The American Goldendoodle is typically a mix of an American Golden Retriever, often red or apricot in color, with a Poodle of any color. This leads to a variety of shades in their offspring, ranging from cream and apricot to even black.
The Australian Goldendoodle (aka mini Groodles) differs from its American and English counterparts. Rather than a direct Golden Retriever-Poodle mix, it’s a cross between an English Goldendoodle and an Australian Labradoodle. The key distinction is that the Australian Goldendoodle can encompass up to seven different breeds in its lineage, as opposed to the two-breed mix of the American and English varieties.
3. What is the temperament of a Miniature Goldendoodle?
The temperament of a Miniature Goldendoodle is generally friendly, affectionate, and outgoing. These dogs are known for their social and amiable nature, often showing a strong desire to bond with their human families. As a hybrid breed, they inherit the best traits from their parent breeds – the intelligence and low-shedding coat of the Poodle and the friendly, easygoing personality of the Golden Retriever.
Mini Goldendoodles are typically gentle and patient, making them great companions for families with children. They are also known for being adaptable, able to fit into various living situations, whether it’s a large house with a yard or a smaller apartment setting.
Being intelligent and eager to please, they are usually easy to train. This intelligence, combined with their social nature, often makes them excellent candidates for roles such as therapy or service dogs.
However, like any breed, individual temperaments can vary. Socialization and training from a young age are important to ensure that they grow up to be well-rounded and well-behaved dogs. Also, due to their social nature, they may not do well with long periods of solitude and can be prone to separation anxiety if left alone for extended periods.
4. Are Mini Goldendoodle good apartment dogs?
Yes. Thanks to their size they can fit perfectly well into apartment life. The main thing you need to be aware of is that they can suffer from separation anxiety.
But, if you train them early on to be comfortable when they are alone and if you provide them with enough exercise, mini Goldendoodles can live a very happy life in an apartment.
5. How big do Mini Golden doodles get?
The miniature Goldendoodle generally weighs between 15 to 35 pounds and can stand anywhere from 13 to 20 inches tall at the shoulder when fully grown. However, this range can differ based on the specific breeding.
Since the Miniature Goldendoodle is a cross between a Golden Retriever and either a Miniature or a Toy Poodle. The size of the Poodle parent greatly influences the size of the offspring. If the Poodle parent is on the larger end of the Miniature spectrum, the resulting Mini Goldendoodles may be larger. Conversely, if a smaller Toy Poodle is used, the puppies might lean towards the smaller end of the scale.
You also need to know that because Mini Goldendoodles are a mixed breed, their genetics can be less predictable than purebreds. Even within the same litter, there can be significant variation in size and appearance.
If you are looking for a smaller doodle but are concerned with them being in proportion check out the Cockapoo and mini Cavapoo. Or maybe you want a bigger mini, then a Mini Bernedoodle may be a good choice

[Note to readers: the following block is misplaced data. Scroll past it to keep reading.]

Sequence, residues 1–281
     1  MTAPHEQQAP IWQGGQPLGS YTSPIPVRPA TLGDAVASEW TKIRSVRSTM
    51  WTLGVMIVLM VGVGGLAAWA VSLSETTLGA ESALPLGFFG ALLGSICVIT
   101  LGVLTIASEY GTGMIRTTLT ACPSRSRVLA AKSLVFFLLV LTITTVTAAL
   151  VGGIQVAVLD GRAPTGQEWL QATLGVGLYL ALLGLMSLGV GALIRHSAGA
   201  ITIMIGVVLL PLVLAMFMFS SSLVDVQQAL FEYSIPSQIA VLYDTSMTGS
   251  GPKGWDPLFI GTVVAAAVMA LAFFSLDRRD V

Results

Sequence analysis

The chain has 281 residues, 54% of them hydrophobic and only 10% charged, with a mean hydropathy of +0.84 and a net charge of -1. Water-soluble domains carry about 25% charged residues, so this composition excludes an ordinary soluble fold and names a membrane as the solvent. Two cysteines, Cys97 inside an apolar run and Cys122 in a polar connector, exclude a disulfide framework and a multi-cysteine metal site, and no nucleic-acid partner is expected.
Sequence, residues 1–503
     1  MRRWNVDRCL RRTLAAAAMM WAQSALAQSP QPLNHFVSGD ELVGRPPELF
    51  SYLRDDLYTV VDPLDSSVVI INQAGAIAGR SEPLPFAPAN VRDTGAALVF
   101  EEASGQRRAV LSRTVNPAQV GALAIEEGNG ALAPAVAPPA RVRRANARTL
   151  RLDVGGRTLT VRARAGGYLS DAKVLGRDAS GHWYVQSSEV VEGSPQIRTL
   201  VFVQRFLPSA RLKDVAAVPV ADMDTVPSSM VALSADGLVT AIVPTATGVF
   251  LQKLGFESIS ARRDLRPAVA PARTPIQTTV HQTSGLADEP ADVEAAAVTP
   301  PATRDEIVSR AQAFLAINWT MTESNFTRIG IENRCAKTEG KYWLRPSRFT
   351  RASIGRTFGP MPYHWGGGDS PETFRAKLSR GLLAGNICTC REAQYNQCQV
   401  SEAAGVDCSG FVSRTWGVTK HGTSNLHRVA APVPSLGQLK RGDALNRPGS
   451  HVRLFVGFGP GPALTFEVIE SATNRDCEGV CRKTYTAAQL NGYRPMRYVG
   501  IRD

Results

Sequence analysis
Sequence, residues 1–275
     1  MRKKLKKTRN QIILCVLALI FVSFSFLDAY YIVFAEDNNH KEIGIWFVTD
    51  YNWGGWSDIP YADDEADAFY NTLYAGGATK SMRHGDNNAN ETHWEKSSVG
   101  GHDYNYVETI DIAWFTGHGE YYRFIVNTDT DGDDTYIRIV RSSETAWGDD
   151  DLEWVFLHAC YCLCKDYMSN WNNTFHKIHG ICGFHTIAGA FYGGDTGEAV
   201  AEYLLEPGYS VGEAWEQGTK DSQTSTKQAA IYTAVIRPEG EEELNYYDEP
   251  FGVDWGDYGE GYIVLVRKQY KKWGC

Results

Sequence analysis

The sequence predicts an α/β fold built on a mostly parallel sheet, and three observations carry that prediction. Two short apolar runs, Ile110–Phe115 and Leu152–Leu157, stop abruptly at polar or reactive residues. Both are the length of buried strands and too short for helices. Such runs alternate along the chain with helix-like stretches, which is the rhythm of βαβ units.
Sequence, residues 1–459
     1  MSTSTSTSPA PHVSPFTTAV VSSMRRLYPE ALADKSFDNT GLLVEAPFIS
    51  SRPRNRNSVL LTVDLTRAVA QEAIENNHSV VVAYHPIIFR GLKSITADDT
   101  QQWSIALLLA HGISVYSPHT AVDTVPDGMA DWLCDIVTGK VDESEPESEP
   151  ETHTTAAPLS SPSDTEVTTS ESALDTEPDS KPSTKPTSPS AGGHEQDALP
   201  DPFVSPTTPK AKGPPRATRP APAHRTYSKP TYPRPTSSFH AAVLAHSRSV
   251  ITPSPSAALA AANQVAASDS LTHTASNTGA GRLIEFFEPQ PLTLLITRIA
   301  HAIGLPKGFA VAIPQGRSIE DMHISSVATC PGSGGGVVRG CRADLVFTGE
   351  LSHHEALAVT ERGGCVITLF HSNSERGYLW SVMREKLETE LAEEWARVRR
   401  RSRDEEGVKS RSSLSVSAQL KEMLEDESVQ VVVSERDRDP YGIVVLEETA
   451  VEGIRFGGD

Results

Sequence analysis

6. Is a Mini Goldendoodle easy to travel with?
The mini Goldendoodle makes a great travel companion. Their small size allows you to travel with ease. Plus, their friendly nature makes it easier to take them places. Especially since most establishments require dogs to be well-behaved and friendly with other dogs.
If you plan to travel by air or train with them, make sure you get a mini Goldendoodle whose full-grown size is under 20 pounds. Most airlines and trains require dogs to be under 20 pounds. This includes the weight of the carrier.
7. Do Mini Goldendoodles shed?
Mini Goldendoodles are known for their low to moderate shedding. They inherit this trait from the Poodle side of their lineage, as Poodles are well-known for their hypoallergenic coats that shed very little. However, because Mini Goldendoodles are a crossbreed, the degree of shedding can vary.
An F1 Mini Goldendoodle (50% Golden Retriever and 50% Poodle) may shed more than an F1B Mini Goldendoodle (which is 75% Poodle). The more Poodle genetics a Mini Goldendoodle has, the less likely they are to shed significantly. This is why F1B or even F2B generations are often preferred by those looking for a more hypoallergenic dog.
To learn more about shedding in Goldendoodles read our post on Do Goldendoodles Shed? The Truth about Shedding
8. Are Mini Goldendoodles hypoallergenic?
For allergy sufferers, the answer to whether Mini Goldendoodles are hypoallergenic is a bit of a mix – both yes and no. Here’s a closer look at why.
Allergies in people are commonly triggered by proteins found in a dog’s skin cells, saliva, or urine, with dander (tiny flakes of skin) being a key allergen. When dogs shed their hair, they also release dander into the air. This can be problematic for allergy sufferers, as inhaling dander can trigger allergic reactions.
However, Mini Goldendoodles are often bred to shed less. This reduced shedding means they’re less likely to release significant amounts of dander, potentially making them a more suitable option for those with allergies. To ensure minimal shedding, it’s crucial to find a breeder who conducts thorough genetic testing.
But shedding isn’t the only way allergy sufferers can be exposed to allergens. Contact with a dog through licking, petting, brushing, or cleaning up can also introduce these proteins to allergy sufferers.
For those concerned about allergies, the most effective strategy is to spend time with the Mini Goldendoodle you are looking to get or its parents before bringing one home. This experience can help gauge how your allergies might respond to their presence. But even this is not guarantee that you won’t be allergic once you are living with them full-time.